Seattle Sounders FC
Seattle Sounders FC
Seattle Sounders FC
Guy walks in a bar.... Last year the Sounders needed Freddie Ljungberg to go into the bar with them — a veteran Swedish sailor, black water, bad waves, not a problem lads. They beat the Red Bulls in the opener, with Freddie only watching. Then went up to a very windy and very unfriendly Toronto and Freddie unzipped the game with a teenager-like give and go and goal. For the year, Freddie won several honors and the reward of being the most fouled player in the entire league. Stop him, to stop the Sounders.
But Ljungberg takes up room and this year, the Sounders needed the room. They played without a striker, no Jaqua or the incoming N'Kufo, for all of the first half season. Ljungberg's game needs that force in the middle, to score and to get the game off him a bit. The only bright spot for the Sounders was the World Cup break — they seemed to see and hear some rhythm to the game. And suddenly they were playing not as pounders but as dancers, as a team, as mates. Wanting the ball, and, most importantly, not wanting to give up the ball.
Ljungberg was traded to the Chicago Fire, a better brawlers crew for him; and having to play the Fire twice more this season, it will bring some anxious time. Freddie may be playing the twilight of his career but revenge is a dish best served cold and Freddie would love the smile of serving it himself to the Sounders. Certainly, they will know to be careful.
But, that said, this team, the Sounders, is much betterthan last year's side — much smarter, wiser even, more difficult to defend against. It is a shame they had lost John Hurtado to a knee injury: he is the perfect shaft to a defense. But that loss gave time to Jeff Parke, a 28-year-old defender from the Red Bulls, who the Sounders had tried to sign for two years, back and forth. Parke was the Red Bull Ironman of the Year in 2006 for minutes played.
Central defenders do not just pop up, and teams do not just hand out the keys to the vault. Forced to center by the Hurtado injury, Parke started with a slight stutter and Colorado's Casey, a bull himself, took advantage in their first match to score a goal. But two weeks later, Parke was up to full speed, both with himself and with his teammates, and Casey could find little room. The Sounders won, Ljungberg did not make the trip, and these Sounders were loosed.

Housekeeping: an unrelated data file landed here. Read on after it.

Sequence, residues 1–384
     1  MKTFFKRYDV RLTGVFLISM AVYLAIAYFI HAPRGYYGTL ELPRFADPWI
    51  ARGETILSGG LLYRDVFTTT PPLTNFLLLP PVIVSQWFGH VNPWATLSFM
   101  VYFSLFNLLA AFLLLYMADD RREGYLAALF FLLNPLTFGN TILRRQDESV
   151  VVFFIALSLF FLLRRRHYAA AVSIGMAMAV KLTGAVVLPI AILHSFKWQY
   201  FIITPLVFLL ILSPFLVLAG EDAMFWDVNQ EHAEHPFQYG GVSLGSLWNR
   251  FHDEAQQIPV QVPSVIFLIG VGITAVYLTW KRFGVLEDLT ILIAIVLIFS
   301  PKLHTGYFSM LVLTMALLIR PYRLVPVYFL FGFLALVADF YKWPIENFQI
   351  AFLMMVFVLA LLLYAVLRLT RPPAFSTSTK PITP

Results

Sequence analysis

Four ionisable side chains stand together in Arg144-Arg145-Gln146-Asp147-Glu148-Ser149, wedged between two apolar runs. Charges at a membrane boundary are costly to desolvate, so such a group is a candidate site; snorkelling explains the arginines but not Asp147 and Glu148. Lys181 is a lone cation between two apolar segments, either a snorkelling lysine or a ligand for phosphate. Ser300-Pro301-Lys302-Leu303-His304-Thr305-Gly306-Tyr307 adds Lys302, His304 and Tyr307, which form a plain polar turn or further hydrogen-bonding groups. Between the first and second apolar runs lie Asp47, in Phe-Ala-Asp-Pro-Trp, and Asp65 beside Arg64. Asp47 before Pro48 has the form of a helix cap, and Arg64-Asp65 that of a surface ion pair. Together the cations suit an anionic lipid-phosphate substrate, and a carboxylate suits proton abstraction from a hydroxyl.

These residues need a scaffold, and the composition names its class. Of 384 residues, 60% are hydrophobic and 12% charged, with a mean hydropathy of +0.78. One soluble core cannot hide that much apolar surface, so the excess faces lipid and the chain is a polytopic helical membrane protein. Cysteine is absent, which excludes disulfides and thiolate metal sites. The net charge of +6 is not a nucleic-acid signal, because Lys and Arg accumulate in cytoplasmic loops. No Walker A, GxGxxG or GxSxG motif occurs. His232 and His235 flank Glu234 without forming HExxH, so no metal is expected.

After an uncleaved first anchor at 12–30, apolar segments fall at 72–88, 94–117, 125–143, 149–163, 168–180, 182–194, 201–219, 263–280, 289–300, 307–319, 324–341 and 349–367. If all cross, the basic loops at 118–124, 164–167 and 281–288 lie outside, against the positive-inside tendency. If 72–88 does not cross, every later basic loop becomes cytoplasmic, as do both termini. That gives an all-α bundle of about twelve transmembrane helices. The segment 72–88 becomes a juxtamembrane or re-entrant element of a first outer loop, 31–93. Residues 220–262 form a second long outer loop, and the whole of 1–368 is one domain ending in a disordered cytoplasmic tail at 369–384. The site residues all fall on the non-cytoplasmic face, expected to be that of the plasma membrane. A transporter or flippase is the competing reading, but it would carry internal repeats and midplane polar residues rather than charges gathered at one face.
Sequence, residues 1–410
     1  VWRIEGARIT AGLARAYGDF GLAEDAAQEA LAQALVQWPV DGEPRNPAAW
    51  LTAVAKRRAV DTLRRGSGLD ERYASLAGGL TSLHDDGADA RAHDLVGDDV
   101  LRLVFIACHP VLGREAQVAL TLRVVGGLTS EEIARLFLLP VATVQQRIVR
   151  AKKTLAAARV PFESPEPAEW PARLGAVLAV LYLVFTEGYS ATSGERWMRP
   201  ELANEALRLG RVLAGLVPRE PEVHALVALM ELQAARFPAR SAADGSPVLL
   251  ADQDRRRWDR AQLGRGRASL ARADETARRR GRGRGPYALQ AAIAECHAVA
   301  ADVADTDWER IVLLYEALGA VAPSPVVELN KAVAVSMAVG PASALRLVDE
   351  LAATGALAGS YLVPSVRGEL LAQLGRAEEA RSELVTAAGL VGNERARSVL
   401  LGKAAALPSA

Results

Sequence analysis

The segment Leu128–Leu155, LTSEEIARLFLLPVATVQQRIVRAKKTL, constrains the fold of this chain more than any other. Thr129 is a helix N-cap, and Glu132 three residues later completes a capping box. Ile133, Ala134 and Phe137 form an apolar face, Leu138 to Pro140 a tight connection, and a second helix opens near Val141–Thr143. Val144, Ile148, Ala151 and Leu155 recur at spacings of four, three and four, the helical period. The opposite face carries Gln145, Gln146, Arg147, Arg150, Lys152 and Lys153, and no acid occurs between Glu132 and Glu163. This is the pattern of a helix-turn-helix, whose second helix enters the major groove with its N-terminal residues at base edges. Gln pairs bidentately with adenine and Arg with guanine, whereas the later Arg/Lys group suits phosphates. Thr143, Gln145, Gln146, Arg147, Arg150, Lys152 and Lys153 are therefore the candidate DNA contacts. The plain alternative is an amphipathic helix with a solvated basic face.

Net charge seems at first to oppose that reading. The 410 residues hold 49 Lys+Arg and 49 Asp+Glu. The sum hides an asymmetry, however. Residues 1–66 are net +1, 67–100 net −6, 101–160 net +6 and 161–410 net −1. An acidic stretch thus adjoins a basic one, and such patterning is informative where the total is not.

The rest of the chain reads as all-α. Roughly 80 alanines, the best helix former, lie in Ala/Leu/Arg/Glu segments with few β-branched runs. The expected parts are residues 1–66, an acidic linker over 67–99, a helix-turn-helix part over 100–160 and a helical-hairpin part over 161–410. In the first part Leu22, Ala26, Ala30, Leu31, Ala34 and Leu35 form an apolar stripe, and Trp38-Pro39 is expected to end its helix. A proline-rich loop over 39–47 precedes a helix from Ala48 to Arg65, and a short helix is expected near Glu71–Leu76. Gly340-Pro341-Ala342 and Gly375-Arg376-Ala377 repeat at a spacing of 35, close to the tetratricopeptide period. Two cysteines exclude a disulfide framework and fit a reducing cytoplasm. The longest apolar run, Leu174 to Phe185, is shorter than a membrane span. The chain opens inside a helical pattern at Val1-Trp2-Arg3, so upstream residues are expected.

Two parts have been added, not including attitude and even humor. One, the older part, is N'Kufo, and he is only now getting into full condition. He is the middle they have played without, the tip, he is the horn player that can change the timing, who can pause, pause, pause, then go. He allows the wings to be wings and the middle to strike.
The other part is young, 24 years old, a wonderful midfielder from Uruguay, Alvaro Fernandez, who played in the quarterfinals World Cup match this year, and he is coming to Seattle as much for a place to raise his young family as for a place to raise his career. Fernandez is precisely the player the Sounders do not have — a brilliant passer and scorer and defender, all in sequence. If you watched the World Cup and watched Spain, then you saw the workings of a brilliant midfield, an engine that collects, conserves, and delivers. In storybook form, Fernandez scores the only Sounder goal last week moments after coming in, a goal that secures their moving on in the Champions league. You will love that he is on your side.